We strongly believe that in the Asia-Pacific region, where many countries have not even ratified the Refugee Convention, Australia should set a positive example by showing that it takes its human rights obligations seriously by upholding international standards rather than undermining them.
We look forward to your response and would be happy to discuss these matters further at your convenience.

Wannabe Zionist leader funding jazz in Australia

International law should apply to despots and Israelis

George Monbiot, in a typically concise column, asks when the most powerful in society – from the Pope to the Israelis and oil companies – will be treated equally before international law and tried in a court of law:

There’s a promise implicit in international law: the end of the age of exceptions.

Israel isn’t a normal country, tell the OECD

A letter that anybody can and should send to a country representative of the OECD:

The Organization for Economic Co-operation and Development (OECD) is scheduled to convene in May 2010 in order to take a formal decision on Israel’s application for membership in the Organization. A vote for Israel’s accession to the OECD will be regarded by people of conscience around the world as a decisive and far-reaching act of complicity in rewarding and perpetuating Israel’s occupation, colonization and apartheid against the Palestinian people.
Furthermore, it will irreparably undermine the rule of law and further entrench the culture of impunity that has enabled Israel to escalate its commission of war crimes and what is described by some leading international law experts as a prelude to genocide against Palestinians in the illegally besieged and occupied Gaza Strip.
We call on you to ensure that Israel will not be admitted into the OECD by casting a vote against Israel’s accession in the final review of its application in May. Membership in the OECD will intensely fuel Israel’s militarism, belligerence and aggression, further destabilizing the entire region, undermining security as well as social, political and economic development and making the quest for a just peace an unattainable goal.
We deplore the OECD’s persistent disregard of evidence submitted by human rights and civil society organizations in process of examination of Israel’s membership application1. We further deplore the decision by the OECD to consider Israel’s inability to provide economic statistics which distinguish between the state of Israel and the Palestinian and Syrian territories it occupies as not constituting and obstacle to Israel’s OECD accession2.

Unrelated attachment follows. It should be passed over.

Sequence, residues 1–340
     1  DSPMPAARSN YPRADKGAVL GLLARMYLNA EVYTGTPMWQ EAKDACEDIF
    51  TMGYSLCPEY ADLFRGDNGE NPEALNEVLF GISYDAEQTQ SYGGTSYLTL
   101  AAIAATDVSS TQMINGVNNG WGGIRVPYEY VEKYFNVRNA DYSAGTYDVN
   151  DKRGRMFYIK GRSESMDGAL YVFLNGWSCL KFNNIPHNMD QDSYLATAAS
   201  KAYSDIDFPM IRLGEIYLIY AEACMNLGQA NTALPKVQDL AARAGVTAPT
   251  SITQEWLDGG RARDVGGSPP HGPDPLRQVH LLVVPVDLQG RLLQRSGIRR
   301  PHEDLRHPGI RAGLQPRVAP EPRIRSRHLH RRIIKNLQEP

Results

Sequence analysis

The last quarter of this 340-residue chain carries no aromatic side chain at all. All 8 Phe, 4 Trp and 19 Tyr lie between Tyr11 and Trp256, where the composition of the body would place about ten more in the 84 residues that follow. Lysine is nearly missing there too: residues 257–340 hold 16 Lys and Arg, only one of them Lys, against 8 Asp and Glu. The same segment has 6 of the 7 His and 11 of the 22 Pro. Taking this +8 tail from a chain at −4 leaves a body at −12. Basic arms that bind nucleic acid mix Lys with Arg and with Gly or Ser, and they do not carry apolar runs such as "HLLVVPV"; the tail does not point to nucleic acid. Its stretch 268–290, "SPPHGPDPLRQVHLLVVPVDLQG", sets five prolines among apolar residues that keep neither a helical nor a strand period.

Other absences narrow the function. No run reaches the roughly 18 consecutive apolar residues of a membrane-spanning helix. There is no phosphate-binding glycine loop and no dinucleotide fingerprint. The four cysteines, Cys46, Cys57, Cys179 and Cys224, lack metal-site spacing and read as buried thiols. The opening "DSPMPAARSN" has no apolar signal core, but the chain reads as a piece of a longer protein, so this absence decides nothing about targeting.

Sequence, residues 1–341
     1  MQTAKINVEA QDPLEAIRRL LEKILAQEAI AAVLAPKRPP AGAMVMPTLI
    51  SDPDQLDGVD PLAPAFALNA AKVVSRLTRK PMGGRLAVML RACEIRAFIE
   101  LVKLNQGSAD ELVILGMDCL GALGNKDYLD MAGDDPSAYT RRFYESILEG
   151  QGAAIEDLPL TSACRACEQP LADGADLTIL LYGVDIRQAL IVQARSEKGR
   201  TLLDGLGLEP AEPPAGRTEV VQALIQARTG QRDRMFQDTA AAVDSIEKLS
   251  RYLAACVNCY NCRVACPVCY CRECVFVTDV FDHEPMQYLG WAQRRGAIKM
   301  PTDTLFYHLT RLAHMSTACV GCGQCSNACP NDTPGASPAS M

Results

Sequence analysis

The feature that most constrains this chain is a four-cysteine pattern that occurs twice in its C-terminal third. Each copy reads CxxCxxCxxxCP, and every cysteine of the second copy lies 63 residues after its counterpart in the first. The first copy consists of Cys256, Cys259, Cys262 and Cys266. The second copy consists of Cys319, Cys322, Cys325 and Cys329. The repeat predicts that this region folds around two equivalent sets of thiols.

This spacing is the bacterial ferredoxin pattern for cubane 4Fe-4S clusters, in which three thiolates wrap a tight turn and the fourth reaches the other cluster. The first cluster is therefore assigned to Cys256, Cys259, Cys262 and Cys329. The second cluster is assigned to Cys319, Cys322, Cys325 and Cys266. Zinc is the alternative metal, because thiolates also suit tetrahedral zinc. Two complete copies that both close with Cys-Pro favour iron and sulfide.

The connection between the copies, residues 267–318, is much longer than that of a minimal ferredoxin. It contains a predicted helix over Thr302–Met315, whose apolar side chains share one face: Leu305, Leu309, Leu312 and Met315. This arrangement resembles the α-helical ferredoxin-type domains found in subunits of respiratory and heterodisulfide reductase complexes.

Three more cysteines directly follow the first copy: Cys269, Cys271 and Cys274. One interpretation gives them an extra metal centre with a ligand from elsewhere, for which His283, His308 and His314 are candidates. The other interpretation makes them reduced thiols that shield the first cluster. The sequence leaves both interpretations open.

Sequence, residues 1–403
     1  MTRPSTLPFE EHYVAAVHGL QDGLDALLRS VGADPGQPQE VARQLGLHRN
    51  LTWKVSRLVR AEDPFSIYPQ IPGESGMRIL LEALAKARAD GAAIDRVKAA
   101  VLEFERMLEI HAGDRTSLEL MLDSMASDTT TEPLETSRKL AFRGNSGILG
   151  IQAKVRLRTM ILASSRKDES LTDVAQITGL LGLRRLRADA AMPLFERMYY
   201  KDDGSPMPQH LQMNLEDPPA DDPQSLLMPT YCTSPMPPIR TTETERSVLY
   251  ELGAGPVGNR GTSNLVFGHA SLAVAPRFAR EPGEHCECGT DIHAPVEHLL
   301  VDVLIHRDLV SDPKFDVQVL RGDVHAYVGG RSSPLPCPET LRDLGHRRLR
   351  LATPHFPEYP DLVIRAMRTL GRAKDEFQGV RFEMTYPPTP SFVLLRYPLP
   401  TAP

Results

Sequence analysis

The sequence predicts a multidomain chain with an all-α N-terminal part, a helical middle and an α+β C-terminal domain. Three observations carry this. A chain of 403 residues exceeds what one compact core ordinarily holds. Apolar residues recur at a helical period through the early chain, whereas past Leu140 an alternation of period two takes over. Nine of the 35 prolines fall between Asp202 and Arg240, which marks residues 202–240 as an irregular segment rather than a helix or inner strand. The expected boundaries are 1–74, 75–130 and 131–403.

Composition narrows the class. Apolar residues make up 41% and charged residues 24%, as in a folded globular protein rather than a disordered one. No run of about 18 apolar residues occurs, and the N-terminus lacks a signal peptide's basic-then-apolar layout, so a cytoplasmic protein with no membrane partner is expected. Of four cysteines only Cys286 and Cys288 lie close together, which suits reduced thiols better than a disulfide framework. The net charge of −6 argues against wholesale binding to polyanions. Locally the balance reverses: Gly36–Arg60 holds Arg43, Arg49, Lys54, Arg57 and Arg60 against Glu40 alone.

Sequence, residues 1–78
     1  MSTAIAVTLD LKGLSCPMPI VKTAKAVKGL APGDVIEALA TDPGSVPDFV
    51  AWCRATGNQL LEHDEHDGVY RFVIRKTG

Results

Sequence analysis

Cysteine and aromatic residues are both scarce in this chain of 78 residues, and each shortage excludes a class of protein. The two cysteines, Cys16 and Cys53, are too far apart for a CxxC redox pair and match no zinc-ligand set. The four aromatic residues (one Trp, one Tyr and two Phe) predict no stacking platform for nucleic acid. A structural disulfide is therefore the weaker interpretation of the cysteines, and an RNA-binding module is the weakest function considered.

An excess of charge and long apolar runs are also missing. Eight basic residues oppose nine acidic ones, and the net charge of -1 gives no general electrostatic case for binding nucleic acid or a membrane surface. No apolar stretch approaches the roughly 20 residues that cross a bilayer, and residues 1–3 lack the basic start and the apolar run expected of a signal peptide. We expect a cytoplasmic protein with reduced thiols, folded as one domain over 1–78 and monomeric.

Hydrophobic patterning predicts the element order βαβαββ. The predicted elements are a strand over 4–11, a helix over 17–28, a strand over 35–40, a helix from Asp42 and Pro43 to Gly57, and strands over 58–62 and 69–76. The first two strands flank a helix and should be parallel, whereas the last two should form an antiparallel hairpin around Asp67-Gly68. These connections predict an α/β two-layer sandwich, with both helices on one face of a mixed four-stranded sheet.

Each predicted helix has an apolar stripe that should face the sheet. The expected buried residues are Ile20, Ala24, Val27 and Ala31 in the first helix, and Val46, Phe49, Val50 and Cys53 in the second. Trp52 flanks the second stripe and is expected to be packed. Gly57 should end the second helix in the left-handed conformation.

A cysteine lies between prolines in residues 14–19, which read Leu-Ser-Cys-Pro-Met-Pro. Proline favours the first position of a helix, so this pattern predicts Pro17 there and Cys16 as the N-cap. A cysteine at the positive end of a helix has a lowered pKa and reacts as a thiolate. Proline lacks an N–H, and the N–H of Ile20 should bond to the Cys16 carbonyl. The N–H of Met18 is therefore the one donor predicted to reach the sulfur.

We affirm that the OECD becomes complicit in Israel’s unlawful acts, if the Organization fails to address – despite ample evidence – Israel’s reality as an oppressive occupying and colonizing power in the West Bank, including East Jerusalem, and the Gaza Strip and continues to ignore Israel’s system of institutionalized racial discrimination which is the root cause of the extreme poverty among its Palestinian citizens highlighted in OECD reports.
Israel, like all other states, is to be held accountable to the standards of international law and universal human rights and must respect them before it can be welcomed as a member in the OECD. Respect and compliance with international humanitarian and human rights law is a requirement for members under OECD instruments.
The 1960 OECD Convention, for example, affirms that “economic strength and prosperity are essential for the attainment of the purposes of the United Nations, the preservation of individual liberty and the increase of general well-being.” In the “Road Map for the accession of Israel to the OECD Convention” adopted by the Council in November 2007, the Council noted that in order for Israel to accede to the OECD it must demonstrate its commitment to “fundamental values” shared by all OECD members and meet related benchmarks.
The stated OECD values include “a commitment to pluralist democracy based on the rule of law and the respect of human rights, adherence to open and transparent market economy principles and a shared goal of sustainable development.”
Condemned as a state that is practicing occupation, colonization and apartheid by a recent authoritative legal study in South Africa supervised by international law expert and former UN human rights rapporteur, Prof. John Dugard, Israel is not in compliance with international law and OECD standards and benchmarks3.
Israel has yet to comply with the recommendations of the UN Fact Finding Mission on the Gaza Conflict and investigate and prosecute where needed those responsible for war crimes and crimes against humanity that resulted in the death of more than 1,400 Palestinians, most of them civilians, in the winter of 2008/9. Israel has yet to lift its illegal blockade of the occupied Gaza Strip which has brought to the brink of starvation almost 1.5 million Palestinians, most of whom are refugees Israel had displaced and dispossessed back in 1948.
It has yet to dismantle its illegal Wall in the occupied Palestinian West Bank in accordance with the 2004 International Court of Justice Advisory Opinion. Israel has yet to end its almost 43-year-old occupation of the West Bank, including East Jerusalem, and the Gaza Strip, reverse its colonial enterprise and release Palestinians detained and imprisoned.
It has yet to transform its political and legal system in order to provide reparation for millions of Palestinian victims, including return for the refugees, and allow full and equal participation of its Palestinian citizens. Only then will Israel meet the standards of pluralist democracies valued by the OECD.
We reiterate concerns expressed on numerous occasions to the OECD by human rights and civil society organizations and call upon our government to say no to Israel’s bid for membership in the OECD.

It takes 500 IDF officers to kill one Arab?

Russia Today TV provides a report on the Anat Kamm-Uri Blau affair:

See: www.antonyloewenstein.com